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Manual Handling – It’s Not Just About Lifting & Carrying

01 May 2016

When you think of manual handling, you automatically picture the lifting and carrying of loads. But lifting and carrying is by no means the be all and end all of manual handling.

Pushing and pulling is a much used way of shifting a manual load, often using a handling aid such as a trolley. Whilst this does avoid traditional manual handling and all the risks that go with it, pushing and pulling have their own risks which have to be considered when planning a risk assessment.

The Manual Handling Operations Regulations apply to pushing and pulling as much as they apply to lifting, carrying and lowering loads.

This year the Health and Safety Executive (HSE) is due to launch its new Risk Assessment of Pushing and Pulling Tool (RAPP Tool). It will assist those responsible for analysing the risks involved in this type of handling task. The HSE feels that pushing and pulling tasks are often overlooked in risk assessments because they are seen as solutions for manual handling, but as we said, these tasks do in fact carry their own risks.

What are the risks involved in pushing and pulling?

Pushing and pulling were behind 11 per cent of the manual handling incidents investigated by the HSE. Most of these (44 per cent) were back injuries, followed by shoulder, arm, wrist and hand injuries (just under 29 per cent). Pulling was responsible for more accidents than pushing, and most involved non-wheeled objects.

Just over a third of these incidents though did involve wheeled objects such as roll cages, pallet trucks and trolleys, which proves the importance of including pushing and pulling in your manual handling training and risk assessments.

What should pushing and pulling training involve?

A manual handing trainer will usually recommend that where there is a choice, it is preferable to push a load rather than pull it. This is because firstly, it allows you to see the route forward (providing the load is not too high) and secondly, it avoids stretching muscles such as those in the shoulders, arms, hands and wrists. Thirdly it is best to have the load in front of you, in case it topples.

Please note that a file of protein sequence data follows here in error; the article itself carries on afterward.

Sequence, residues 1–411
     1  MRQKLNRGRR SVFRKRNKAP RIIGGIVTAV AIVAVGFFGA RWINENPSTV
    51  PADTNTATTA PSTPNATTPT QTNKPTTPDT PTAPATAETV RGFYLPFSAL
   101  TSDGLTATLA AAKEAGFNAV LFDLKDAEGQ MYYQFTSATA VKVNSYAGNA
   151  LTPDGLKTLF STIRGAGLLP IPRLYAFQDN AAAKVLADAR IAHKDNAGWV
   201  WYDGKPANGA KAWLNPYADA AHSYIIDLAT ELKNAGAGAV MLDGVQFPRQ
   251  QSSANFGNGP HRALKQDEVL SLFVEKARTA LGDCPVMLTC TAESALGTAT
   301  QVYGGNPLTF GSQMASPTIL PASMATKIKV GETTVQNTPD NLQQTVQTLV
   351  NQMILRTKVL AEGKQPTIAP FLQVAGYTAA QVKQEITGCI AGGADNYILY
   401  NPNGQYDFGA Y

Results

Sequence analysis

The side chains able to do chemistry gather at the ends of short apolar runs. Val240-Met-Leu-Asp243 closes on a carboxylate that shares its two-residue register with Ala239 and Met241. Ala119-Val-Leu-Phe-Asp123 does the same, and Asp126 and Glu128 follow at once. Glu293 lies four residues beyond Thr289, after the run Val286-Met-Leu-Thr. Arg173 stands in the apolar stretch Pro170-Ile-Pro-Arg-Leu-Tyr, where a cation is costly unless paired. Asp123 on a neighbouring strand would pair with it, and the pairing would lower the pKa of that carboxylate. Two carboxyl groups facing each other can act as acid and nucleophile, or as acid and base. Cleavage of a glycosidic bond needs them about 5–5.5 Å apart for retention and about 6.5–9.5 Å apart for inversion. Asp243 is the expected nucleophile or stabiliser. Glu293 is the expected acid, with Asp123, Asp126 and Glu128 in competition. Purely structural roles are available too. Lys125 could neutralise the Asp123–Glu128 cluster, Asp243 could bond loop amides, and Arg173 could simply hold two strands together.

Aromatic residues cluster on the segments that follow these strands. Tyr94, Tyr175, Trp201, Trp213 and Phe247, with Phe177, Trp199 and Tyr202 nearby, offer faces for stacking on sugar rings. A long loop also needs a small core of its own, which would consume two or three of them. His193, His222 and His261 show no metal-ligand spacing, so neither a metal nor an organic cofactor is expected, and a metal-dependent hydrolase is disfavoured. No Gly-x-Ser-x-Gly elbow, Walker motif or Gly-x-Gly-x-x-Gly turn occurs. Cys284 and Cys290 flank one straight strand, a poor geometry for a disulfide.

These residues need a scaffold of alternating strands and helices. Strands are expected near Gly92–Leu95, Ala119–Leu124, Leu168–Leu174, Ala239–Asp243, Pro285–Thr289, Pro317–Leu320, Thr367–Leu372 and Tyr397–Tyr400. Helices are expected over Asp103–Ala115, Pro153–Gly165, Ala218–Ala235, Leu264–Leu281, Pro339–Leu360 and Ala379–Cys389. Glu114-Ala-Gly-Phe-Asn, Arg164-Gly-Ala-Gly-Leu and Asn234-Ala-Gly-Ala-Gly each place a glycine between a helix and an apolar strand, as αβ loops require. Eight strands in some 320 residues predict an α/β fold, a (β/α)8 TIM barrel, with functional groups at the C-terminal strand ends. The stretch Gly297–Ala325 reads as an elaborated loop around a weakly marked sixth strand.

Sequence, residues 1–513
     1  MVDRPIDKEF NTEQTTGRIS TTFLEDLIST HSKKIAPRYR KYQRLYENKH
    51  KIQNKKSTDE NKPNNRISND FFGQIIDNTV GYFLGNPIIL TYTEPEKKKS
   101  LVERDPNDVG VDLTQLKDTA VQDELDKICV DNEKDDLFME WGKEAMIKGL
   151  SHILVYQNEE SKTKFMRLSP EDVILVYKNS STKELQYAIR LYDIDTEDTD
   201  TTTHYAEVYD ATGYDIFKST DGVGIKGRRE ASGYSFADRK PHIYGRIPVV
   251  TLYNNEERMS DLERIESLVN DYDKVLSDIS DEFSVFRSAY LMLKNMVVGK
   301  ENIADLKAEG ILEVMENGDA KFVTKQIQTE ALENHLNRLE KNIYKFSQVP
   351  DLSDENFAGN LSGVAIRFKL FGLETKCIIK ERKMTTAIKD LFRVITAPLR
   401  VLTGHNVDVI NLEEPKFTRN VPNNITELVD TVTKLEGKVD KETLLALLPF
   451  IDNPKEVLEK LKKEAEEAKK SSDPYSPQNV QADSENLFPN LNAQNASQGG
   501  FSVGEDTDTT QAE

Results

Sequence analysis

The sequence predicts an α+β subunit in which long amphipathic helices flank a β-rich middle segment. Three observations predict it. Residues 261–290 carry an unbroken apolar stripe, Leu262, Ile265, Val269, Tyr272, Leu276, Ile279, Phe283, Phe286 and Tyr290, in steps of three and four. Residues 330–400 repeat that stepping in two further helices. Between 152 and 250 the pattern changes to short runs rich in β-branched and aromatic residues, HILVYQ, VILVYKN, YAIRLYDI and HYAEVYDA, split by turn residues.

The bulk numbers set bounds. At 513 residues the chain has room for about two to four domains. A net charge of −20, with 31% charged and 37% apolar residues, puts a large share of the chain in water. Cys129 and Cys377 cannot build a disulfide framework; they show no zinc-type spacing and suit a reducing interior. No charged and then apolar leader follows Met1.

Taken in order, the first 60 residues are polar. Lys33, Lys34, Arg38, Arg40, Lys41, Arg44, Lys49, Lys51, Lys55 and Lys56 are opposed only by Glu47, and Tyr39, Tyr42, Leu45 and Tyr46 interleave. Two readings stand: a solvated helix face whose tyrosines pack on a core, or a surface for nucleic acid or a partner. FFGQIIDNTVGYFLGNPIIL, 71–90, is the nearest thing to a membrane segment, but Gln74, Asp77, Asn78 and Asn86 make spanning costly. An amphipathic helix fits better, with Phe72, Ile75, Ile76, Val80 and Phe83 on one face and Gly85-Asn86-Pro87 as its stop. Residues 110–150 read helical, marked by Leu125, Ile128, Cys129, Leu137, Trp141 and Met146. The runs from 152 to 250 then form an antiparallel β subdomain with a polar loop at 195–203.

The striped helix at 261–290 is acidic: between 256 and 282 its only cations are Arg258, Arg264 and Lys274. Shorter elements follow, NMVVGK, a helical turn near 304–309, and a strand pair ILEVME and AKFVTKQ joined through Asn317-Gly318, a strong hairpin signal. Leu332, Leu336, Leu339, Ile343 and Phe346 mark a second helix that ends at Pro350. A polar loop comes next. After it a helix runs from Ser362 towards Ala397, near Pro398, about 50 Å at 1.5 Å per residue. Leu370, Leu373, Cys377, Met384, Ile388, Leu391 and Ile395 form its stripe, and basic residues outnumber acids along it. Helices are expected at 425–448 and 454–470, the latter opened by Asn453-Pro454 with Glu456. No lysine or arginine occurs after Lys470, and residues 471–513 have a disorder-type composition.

The training should take you through various factors, including:

Loading: How to ensure the centre of gravity is kept low so as to avoid toppling, and the importance of keeping height restricted so that handlers can see over the load.

Route: Planning a route so as to avoid narrowing areas, pot holes and slopes.

Equipment: Running a maintenance check over pushing or pulling equipment to ensure everything is in working order, brakes are operating correctly and wheels are properly fitted and pointing in the right direction.

Positioning: Handlers will be shown how to use their major, stronger muscles so as to avoid injury to lesser used, weaker muscles. This is done through the creation of what is known as the ‘A-Frame’. Hands need to be kept close in, so as to avoid potential impact.

There is plenty of information about planning around pushing and pulling on the HSE website.

Alistair Bromhead Ltd manual handler training courses cover every aspect of manual handling, including pushing and pulling. For further details email info@abromhead.co.uk or call 07932 674707.

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